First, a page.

Importing graphics, is this really supported?
- To: mathgroup at smc.vnet.net
- Subject: [mg25419] Importing graphics, is this really supported?
- From: Jeff DuMonthier <jeff at lheapop.gsfc.nasa.gov>
- Date: Fri, 29 Sep 2000 01:07:24 -0400 (EDT)
- Organization: NASA Goddard Space Flight Center (skates.gsfc.nasa.gov)
- Sender: owner-wri-mathgroup at wolfram.com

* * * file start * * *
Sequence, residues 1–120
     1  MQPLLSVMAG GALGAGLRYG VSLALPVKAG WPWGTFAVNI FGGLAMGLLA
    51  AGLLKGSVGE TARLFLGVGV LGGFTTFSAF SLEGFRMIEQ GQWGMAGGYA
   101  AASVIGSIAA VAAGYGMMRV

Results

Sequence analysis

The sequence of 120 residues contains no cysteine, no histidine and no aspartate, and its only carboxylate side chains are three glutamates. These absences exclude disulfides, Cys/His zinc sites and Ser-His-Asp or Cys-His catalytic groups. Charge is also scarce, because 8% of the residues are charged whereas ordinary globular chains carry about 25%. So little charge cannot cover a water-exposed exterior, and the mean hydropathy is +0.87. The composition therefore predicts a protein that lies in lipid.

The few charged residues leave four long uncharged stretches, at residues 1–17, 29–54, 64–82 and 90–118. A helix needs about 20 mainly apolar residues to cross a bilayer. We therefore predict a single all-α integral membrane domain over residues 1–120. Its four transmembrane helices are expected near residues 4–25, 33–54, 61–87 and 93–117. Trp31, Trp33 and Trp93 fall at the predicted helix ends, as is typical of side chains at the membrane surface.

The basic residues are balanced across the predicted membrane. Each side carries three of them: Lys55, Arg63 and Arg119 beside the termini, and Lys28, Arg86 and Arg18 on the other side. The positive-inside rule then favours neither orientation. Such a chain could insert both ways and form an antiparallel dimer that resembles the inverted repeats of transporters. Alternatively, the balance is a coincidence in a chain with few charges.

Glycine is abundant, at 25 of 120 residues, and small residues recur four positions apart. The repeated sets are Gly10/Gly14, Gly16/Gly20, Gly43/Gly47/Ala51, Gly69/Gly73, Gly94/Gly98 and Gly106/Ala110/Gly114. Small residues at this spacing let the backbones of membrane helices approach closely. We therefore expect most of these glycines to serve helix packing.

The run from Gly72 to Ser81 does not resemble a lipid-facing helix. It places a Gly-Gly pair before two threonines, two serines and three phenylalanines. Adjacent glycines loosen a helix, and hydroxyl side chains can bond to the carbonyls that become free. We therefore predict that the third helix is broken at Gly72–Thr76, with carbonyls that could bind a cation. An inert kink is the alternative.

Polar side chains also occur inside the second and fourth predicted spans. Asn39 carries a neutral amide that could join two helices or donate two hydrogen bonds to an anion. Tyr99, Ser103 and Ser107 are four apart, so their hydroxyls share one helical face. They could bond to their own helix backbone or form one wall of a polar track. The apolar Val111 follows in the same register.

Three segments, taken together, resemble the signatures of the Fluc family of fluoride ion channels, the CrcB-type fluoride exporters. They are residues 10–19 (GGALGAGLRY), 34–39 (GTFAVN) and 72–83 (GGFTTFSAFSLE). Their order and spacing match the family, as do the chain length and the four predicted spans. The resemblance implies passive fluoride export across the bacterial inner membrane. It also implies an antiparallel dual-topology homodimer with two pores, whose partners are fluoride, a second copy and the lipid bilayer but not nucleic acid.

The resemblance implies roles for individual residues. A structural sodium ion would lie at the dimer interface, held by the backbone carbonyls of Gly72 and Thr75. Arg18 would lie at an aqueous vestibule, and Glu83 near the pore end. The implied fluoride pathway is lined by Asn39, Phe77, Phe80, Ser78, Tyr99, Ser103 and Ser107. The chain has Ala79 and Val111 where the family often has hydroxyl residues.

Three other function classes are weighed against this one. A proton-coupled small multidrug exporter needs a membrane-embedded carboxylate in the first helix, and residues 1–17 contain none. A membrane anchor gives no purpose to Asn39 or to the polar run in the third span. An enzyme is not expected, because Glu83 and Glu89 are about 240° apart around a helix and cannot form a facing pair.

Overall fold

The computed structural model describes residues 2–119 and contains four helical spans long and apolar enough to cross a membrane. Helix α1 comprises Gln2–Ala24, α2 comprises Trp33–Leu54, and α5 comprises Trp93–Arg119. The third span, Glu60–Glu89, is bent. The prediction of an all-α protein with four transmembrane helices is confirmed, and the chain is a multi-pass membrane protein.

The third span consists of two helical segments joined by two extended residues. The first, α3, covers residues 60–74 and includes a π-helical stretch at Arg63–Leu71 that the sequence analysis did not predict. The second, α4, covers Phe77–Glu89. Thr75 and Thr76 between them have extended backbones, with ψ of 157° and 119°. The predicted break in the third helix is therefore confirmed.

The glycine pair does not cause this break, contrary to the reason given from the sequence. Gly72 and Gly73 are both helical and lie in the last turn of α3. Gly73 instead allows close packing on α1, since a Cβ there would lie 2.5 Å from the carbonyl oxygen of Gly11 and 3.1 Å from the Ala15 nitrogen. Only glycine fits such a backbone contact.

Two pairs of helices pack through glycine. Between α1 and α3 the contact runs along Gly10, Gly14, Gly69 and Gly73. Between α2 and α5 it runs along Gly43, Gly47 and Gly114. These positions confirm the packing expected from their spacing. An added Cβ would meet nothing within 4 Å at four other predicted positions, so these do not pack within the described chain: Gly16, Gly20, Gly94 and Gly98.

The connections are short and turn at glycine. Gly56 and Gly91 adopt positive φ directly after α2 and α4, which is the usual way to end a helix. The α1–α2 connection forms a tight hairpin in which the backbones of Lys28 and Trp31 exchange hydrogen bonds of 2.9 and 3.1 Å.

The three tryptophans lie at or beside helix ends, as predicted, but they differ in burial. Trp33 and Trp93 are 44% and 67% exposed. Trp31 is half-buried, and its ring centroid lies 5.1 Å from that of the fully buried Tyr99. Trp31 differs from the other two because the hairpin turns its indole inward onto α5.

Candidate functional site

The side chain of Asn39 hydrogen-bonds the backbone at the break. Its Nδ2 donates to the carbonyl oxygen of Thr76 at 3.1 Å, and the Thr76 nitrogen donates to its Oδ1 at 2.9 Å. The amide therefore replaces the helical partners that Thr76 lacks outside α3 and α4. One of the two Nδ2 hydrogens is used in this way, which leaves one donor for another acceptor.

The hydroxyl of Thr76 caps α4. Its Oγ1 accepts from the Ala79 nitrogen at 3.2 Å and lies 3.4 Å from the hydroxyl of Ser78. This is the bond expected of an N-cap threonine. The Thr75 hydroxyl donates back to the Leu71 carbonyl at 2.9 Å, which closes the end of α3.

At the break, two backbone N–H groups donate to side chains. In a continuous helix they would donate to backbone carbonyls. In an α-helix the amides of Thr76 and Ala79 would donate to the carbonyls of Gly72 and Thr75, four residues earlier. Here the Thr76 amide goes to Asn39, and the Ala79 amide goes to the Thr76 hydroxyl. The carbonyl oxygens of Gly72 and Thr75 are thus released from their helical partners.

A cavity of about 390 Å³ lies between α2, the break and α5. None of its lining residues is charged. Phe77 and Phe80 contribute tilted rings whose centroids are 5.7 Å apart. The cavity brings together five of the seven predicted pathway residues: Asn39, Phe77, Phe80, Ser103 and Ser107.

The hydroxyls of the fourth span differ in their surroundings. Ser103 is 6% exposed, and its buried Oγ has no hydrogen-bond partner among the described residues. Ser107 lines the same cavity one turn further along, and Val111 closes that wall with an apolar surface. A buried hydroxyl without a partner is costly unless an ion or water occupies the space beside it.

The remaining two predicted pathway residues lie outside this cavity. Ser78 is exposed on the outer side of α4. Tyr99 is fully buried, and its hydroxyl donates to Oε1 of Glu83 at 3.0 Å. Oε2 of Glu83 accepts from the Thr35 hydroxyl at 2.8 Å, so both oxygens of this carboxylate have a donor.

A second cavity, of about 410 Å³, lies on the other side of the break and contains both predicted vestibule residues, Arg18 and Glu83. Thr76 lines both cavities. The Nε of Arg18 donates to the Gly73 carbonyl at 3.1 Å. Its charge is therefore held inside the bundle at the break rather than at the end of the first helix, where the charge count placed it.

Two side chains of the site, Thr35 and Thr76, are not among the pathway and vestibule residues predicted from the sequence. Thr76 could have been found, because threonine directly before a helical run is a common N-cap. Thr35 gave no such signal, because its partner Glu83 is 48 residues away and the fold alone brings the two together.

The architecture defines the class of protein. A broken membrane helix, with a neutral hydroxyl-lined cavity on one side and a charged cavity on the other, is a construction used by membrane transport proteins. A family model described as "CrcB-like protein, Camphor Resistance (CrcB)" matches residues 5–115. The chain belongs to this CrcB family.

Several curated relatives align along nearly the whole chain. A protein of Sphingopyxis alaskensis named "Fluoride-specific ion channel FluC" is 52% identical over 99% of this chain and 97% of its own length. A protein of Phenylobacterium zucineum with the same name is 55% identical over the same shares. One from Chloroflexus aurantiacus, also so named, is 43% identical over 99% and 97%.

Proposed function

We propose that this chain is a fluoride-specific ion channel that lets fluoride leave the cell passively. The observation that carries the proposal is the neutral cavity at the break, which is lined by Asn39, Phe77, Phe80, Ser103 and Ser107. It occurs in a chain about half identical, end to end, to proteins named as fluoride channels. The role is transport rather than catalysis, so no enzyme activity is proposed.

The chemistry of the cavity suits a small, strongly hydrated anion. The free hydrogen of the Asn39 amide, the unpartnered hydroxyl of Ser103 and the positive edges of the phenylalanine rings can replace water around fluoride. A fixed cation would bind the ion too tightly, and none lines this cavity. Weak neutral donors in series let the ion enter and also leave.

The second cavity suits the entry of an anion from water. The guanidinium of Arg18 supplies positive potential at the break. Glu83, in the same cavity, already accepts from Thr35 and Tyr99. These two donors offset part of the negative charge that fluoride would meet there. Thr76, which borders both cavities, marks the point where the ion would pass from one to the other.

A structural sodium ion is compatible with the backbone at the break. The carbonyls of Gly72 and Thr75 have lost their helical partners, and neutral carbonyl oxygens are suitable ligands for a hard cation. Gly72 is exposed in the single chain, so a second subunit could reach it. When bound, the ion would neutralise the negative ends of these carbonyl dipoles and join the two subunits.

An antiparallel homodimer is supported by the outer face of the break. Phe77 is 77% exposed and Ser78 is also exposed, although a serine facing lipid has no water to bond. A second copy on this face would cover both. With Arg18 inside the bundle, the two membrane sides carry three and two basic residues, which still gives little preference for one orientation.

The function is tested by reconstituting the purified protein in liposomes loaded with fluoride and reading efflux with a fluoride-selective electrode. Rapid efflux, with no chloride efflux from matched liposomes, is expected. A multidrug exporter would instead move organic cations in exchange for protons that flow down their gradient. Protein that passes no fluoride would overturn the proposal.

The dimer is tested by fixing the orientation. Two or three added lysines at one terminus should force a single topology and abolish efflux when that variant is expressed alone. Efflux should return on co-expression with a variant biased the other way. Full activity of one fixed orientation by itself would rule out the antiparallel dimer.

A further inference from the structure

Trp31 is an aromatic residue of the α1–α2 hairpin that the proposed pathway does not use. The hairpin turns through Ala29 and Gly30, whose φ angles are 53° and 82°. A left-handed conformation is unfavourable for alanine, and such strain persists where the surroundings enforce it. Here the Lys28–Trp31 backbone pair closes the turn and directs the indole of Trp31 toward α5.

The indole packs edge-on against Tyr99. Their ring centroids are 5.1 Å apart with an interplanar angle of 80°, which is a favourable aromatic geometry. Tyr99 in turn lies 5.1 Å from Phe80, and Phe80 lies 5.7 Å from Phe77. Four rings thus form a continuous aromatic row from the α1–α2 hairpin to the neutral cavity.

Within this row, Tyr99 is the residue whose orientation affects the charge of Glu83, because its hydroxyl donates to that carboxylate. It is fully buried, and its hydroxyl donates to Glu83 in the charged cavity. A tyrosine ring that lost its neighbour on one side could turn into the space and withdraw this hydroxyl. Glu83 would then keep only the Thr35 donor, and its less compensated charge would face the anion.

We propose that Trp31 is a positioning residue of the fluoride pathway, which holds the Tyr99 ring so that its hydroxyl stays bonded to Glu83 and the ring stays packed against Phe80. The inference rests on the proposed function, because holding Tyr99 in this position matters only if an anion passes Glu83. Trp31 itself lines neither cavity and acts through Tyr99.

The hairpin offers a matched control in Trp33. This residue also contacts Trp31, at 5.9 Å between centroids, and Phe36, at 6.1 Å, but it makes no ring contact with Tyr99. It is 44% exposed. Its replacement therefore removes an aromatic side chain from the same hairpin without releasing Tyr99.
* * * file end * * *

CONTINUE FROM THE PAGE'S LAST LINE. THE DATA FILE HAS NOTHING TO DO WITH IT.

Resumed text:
I have been trying to import diagrams into Mathematica so I can use Mathematica notebooks as engineering notebooks. The diagrams are output from an electrical schematic capture tool as level 3 postscript or encapsulated postscript. Encapsulated postscript is one of the formats the Import function is supposed to accept, but I have not been able to read these files. I can read other encapsulated postscript files (as long as they are small) so it is not a problem with the syntax of the function call. Sometimes I get an error message stating there is not enough memory to import the file even though I give large allocations to Mathematica, Mathkernal and the translation utilities and these files are only 100k-200k (line graphics). Most of the time there is no error message to give me any clue what is wrong, it just doesn't work. This is on a Mac and there are a variety of shareware utilities which I can use to read these files and convert them to TIFF, JPEG, GIF, PICT etc. Reading the converted files usually fails with a memory related error. I would try this on a Unix version but I only have version 3 for Solaris and the Import function is new in Version 4. I have been able to import the diagrams by copying the pict images directly from the shareware postscript converters and pasting them into Mathematica. However, pict is only supported on the Mac and I want to be able to read the notebooks on any platform. When I try to convert the pict's to Mathematica's postscript format using the 'Convert To -> Postscript' menu selection it processes for quite a while and runs out of memory even with a 60MByte allocation. I don't understand why a $20 shareware utility can do easily what a >$2000 package like Mathematica finds an intractable problem.